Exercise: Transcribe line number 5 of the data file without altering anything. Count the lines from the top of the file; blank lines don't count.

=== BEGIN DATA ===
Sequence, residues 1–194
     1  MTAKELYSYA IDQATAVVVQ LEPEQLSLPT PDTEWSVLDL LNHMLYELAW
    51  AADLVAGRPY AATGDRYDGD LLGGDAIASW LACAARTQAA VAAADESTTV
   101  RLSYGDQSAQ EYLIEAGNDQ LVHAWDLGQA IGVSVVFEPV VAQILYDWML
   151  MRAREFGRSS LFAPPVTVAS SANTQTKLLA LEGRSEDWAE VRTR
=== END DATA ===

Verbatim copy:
   151  MRAREFGRSS LFAPPVTVAS SANTQTKLLA LEGRSEDWAE VRTR